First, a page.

Finally, there are other traits to stack with besides Monsanto traits, and a trait developer could work with those other trait providers such as Dow, Syngenta, Bayer, and DuPont to create a stacked product that does not contain any Monsanto traits.

What “stacks” are available now?

Stacked traits are widely available. As an example, in 2009 farmers reported, that they were planting many kinds of stacked seeds developed by a variety of different seed producers.

Some of these stacked products do not contain a Monsanto trait, which demonstrates that Monsanto is not needed in order to create stacked products. Some of these stacked products do contain a Monsanto trait, which demonstrates that Monsanto has enabled stacks with competing traits. Trait developers and farmers have choice. They can choose Monsanto traits, they can choose traits from one or more other companies, or they can choose some combination of those traits. Which traits and trait combinations farmers will choose to plant will probably be based on the same criteria that have dictated seed choice for decades – which seeds will allow farmers to earn the most from the acres that they farm.

In the next 3-5 years, farmers are expected to have an even wider selection of stacks available to them. These stacks are expected to include new traits that offer farmers choices such as drought tolerance, new tolerance to additional herbicides and nutritional benefits such as healthier oils.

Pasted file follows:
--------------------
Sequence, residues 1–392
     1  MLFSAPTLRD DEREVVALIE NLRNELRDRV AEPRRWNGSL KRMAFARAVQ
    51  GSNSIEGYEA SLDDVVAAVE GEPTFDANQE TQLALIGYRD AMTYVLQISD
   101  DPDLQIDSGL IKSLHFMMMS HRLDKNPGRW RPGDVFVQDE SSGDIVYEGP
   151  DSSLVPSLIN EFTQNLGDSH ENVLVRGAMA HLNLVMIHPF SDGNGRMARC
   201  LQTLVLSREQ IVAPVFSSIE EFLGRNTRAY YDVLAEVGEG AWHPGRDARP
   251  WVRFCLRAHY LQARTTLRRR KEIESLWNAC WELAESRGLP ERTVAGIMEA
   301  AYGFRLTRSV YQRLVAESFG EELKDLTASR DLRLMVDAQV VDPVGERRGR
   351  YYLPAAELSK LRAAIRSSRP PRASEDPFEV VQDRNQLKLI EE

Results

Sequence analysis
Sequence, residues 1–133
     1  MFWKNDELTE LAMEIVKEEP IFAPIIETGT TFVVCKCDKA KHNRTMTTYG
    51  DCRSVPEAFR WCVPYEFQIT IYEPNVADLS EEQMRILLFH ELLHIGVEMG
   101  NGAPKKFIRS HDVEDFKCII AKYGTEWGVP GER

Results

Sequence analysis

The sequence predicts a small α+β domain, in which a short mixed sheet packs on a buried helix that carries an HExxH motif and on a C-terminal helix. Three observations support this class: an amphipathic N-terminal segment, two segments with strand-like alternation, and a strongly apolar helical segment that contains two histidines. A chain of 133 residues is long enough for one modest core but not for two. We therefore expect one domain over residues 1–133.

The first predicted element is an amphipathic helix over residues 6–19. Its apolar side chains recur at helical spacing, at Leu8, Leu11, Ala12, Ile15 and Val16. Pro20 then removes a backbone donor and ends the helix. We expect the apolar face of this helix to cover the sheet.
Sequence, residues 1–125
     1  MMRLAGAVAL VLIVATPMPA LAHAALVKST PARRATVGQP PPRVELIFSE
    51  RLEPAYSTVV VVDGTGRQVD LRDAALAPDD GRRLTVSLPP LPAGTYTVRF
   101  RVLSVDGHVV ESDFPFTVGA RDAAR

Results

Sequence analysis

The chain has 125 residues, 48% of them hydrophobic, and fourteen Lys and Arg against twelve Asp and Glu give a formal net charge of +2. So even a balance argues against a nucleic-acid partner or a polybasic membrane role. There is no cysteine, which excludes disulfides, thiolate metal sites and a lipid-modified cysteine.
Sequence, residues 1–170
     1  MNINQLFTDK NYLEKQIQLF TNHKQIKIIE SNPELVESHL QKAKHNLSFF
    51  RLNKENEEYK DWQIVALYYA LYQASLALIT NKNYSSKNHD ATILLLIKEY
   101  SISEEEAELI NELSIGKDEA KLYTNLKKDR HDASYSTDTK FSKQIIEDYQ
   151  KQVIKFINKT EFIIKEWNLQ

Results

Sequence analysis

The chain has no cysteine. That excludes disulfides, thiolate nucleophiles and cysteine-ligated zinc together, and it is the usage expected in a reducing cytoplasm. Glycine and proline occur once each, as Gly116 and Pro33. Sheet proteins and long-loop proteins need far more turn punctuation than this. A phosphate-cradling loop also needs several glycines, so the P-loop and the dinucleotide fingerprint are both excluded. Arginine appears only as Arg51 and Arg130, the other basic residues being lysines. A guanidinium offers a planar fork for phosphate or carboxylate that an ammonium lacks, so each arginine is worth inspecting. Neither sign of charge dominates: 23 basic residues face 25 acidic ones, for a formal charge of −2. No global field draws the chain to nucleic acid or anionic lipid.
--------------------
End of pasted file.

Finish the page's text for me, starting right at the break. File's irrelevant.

Does it make sense for any genes to be stacked together?

Not all possible combinations of traits make sense. Only traits which offer an incremental benefit (complementary performance) make sense to stack. Stacking genes that convey the same trait with the same mode of action would offer no new value (duplicative trait) to farmers. Examples of complementary performance are stacking an herbicide tolerance trait and an insect protection trait, or placing two unique insect control genes together which have different modes of action to inhibit the development of insect resistance. Placing two different types of herbicide tolerance in the same seed gives farmers more weed control options; placing two different modes of the same herbicide tolerance offer no new benefits. This is why companies, including Monsanto, have not licensed or developed those types of duplicative trait stacks.

Monsanto has more traits than anyone else—does this mean Monsanto controls the choice of stacks available to farmers?

No. As you can see in this table, there are a number of stacks available to farmers today. These products are sold by our competitors as well as independent seed companies. There are also additional choices under development. Given the variety of traits currently available, trait developers have many choices of traits, from several suppliers, one of which is Monsanto. Many single traits have also succeeded very well in the marketplace.

Monsanto believes cross-licensing traits (both out-licensing and in-licensing traits) is an important part of delivering wider choice to farmers. Today, Monsanto collaborates with many seed and technology developers, ranging from individual researchers to our competitors, so that stacks can be available to hundreds of U.S. seed companies.

NOTE: Roundup, Roundup Ready, YieldGard, YieldGard VT Rootworm/RR2, YieldGard VT Triple, Genuity, VT Triple PRO, SmartStax and Roundup Ready 2 Yield are trademarks of Monsanto Technology LLC. Plenish is a trademark of Pioneer Hi-Bred, International, Inc. STS is a registered trademark of E.I. du Pont de Nemours & Co. LibertyLink is a registered trademark of Bayer CropScience Ag. Agrisure is a registered trademark of Syngenta Participations AG. Herculex is a registered trademark of Dow AgroSciences LLC. © 2009 Monsanto Co.